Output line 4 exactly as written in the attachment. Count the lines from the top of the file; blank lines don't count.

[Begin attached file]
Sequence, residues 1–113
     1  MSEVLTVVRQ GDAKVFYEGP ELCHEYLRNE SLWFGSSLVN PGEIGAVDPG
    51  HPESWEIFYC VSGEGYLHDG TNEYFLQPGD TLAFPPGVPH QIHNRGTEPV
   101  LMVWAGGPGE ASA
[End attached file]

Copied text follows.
   101  LMVWAGGPGE ASA